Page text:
The amount of water being saved by San Diegans and other California residents declined again in January, continuing a trend that began in the fall, state water officials reported Thursday.
Most of the water agencies in San Diego County missed their monthly conservation targets last month, according to the data.
Statewide, water customers reduced their use by 17.1 percent in January, compared to the same month in 2013 — the state standard. The cumulative savings across the state since June was 24.8 percent, below Gov. Jerry Brown’s goal of 25 percent.
State water officials concede that opportunities to conserve water dry up during the fall and winter, particularly when it rains, because people don’t have to irrigate their lawns or water their flowers. However, temperatures have been warmer than usual and El Nino-spawned rains have been sporadic at best.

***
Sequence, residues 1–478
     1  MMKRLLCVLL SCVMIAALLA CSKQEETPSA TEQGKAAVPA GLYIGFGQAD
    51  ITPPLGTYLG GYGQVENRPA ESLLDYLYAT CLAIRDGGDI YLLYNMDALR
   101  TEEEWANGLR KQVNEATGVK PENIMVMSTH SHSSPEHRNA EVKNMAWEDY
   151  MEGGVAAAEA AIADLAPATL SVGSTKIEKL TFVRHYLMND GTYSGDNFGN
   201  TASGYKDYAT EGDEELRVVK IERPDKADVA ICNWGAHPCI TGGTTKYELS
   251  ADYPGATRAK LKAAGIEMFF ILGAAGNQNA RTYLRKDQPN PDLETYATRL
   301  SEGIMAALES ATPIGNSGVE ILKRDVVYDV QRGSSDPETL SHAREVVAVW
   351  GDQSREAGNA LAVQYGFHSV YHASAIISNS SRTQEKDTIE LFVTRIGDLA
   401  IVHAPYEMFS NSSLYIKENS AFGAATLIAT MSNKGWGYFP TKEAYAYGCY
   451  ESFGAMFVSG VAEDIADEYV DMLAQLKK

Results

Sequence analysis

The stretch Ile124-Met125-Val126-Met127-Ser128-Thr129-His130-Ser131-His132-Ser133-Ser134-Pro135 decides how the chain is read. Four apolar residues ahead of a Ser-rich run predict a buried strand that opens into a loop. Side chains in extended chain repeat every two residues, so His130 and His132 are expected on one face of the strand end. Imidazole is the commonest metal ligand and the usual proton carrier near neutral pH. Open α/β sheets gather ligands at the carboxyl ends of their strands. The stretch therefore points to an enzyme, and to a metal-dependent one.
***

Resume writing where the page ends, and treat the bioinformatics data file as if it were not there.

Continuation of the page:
“We’re hoping for every raindrop and every snowflake we can handle. We’re hoping for a miracle March and an awesome April,” said State Water Resources Control Board Chairwoman Felicia Marcus.
“But we can’t know what the next couple months will bring. And a warm and dry February has proved that we can’t count on El Nino to save us,” Marcus said. “Californians have risen to the occasion as never before. But we have to stay the course. We have to keep it up.”
The cumulative figures are better in San Diego County, where the savings rates of most water districts are running ahead of their goals.
The largest local water supplier, the city of San Diego, saved 11.7 percent in January, short of its target of 16 percent. Since last June, however, the savings rate is 20 percent.
Area cities and water agencies that met their goals in January were:
Most of the agencies in San Diego made their cumulative targets. Those that missed were some of the ones with the highest goals:
— City News Service